Effects of Fat Substitute on Survived Probiotic Bacteria in Yoghurt Ice Cream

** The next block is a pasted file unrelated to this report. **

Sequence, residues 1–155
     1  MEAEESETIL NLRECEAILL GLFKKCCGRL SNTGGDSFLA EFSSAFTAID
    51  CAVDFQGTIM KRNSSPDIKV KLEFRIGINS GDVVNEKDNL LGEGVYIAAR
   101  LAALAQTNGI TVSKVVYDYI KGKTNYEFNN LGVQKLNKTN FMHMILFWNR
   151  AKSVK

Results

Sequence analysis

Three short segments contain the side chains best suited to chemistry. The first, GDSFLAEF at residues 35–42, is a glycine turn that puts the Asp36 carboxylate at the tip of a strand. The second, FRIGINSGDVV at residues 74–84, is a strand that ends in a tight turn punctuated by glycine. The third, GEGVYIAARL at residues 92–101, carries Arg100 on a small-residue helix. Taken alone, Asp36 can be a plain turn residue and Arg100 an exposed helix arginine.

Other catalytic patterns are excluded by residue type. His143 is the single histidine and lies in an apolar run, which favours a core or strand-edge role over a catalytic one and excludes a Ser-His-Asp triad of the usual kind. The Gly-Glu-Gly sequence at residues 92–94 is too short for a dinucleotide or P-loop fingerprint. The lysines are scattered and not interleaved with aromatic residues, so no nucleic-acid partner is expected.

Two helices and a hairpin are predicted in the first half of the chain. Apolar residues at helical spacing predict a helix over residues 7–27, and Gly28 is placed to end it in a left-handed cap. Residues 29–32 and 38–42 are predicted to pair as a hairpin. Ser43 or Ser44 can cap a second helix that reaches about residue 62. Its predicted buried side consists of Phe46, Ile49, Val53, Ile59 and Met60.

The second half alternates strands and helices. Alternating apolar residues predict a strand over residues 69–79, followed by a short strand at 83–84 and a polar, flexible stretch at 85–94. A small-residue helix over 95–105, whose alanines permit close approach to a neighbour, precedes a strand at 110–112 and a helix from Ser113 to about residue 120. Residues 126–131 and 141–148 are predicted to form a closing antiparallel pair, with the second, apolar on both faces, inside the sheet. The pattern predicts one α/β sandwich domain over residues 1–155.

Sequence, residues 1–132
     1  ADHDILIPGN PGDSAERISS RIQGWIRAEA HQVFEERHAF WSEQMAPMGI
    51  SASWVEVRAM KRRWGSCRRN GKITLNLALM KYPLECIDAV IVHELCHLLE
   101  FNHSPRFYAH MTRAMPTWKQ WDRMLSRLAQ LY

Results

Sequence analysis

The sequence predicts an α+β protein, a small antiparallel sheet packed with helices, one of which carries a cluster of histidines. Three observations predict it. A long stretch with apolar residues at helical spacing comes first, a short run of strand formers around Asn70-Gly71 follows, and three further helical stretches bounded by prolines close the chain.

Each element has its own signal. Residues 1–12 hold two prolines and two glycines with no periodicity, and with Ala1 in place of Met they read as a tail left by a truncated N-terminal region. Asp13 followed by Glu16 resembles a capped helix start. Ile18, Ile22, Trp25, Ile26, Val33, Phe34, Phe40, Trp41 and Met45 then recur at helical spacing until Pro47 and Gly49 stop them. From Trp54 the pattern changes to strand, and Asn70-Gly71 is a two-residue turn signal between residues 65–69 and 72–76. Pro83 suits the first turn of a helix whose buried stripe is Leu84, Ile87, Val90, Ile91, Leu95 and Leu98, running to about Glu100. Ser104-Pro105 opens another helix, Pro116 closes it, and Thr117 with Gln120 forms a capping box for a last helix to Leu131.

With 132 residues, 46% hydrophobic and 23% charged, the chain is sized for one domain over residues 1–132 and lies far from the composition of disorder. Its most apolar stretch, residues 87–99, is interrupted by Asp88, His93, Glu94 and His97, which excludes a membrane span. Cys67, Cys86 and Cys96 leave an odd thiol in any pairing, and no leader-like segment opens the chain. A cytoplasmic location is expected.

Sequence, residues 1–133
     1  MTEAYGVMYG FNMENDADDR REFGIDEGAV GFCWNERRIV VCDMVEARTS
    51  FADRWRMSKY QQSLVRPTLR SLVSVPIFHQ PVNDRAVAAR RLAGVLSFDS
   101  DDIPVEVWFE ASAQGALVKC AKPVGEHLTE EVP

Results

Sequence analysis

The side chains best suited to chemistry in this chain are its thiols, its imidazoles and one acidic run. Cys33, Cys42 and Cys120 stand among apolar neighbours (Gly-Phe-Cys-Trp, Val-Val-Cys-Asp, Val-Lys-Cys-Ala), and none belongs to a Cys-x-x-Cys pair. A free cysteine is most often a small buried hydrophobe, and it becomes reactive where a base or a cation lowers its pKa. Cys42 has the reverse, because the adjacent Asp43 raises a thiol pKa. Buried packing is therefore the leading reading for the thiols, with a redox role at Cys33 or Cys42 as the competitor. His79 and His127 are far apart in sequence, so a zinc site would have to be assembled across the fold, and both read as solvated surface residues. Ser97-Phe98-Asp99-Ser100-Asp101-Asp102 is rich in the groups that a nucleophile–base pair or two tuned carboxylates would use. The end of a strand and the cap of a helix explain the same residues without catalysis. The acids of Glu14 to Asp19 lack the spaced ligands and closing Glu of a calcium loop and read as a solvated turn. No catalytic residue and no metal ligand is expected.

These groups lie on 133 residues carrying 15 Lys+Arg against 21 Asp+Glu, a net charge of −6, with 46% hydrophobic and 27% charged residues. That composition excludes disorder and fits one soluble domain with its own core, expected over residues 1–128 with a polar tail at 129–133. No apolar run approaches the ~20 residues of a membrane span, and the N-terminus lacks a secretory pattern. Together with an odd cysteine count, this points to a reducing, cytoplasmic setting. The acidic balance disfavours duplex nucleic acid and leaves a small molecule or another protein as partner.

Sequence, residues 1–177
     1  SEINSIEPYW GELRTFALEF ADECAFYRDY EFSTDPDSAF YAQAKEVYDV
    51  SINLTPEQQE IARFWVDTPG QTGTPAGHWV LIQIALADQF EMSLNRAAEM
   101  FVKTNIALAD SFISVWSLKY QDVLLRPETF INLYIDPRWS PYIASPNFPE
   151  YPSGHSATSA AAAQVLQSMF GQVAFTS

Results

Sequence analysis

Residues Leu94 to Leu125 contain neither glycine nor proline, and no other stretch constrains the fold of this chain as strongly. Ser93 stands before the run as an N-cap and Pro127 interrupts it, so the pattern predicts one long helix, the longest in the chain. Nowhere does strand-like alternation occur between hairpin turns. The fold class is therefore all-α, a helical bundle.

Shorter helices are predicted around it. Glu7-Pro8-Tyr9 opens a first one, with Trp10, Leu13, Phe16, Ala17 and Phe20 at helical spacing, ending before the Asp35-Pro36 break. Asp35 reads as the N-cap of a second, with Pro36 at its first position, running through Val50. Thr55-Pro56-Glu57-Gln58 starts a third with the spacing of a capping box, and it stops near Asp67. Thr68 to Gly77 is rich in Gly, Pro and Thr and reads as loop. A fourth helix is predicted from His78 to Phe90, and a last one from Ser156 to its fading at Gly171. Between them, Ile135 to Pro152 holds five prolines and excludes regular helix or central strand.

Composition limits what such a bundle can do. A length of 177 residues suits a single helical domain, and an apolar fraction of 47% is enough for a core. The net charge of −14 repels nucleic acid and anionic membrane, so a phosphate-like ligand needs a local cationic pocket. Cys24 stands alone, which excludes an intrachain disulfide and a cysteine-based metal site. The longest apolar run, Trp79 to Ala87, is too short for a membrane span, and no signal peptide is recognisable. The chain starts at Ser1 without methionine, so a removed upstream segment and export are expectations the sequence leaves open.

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The objective of this research was to compare amounts of fat substitutes supplied in the industries in order to determine their ability to encapsulate probiotic microbes in the production of yoghurt ice cream to ensure maximum survived probiotic microbes. In this research, two fat substitutes, Purity SM 100 and CRYSTAL texTM 648, were used to substitute skim milk in the standard formulas in order to study numbers of survived probiotic microbes and to test the sensory acceptance. For the sensory acceptance, it was found that the probiotic yoghurt ice cream containing 20% Purity SM100 is acceptable at the maximum significance (p ≤ 0.05) because its flavor and taste was better than other samples as well as the best overrun with statistical significant differences (p ≤ 0.05). However, by addition of both fat substitutes at different concentrations, pH values of probiotic yoghurt ice cream products did not have statistical significant differences (p ≥ 0.05). When Lactobacillus acidophilus, Bifidobacterium, and Streptococcus thermophilus microbial starters were added into the probiotic yoghurt ice cream using both fat substitutes in place of skim milk at ratios of 10%, 15%, and 20%, respectively, under a storage condition of -20oC for 4 weeks, it was found that types and amounts of fat substitutes affected the surviving rate of probiotic microbes in the product with a statistical significance (p ≤ 0.05). The addition of fat substitutes, Purity SM100 and CRYSTAL texTM 648, at all concentration levels made probiotic microbes survived in the product, which illustrated that both fat substitutes used in above experiments could encapsulate probiotic microbe cells. The survived probiotic microbes were in the range of 107 – 108 CFU/ml in comparison to the probiotic yoghurt ice cream with the standard formula without the addition of fat substitutes that has survived probiotic microbes of only 106 CFU/ml.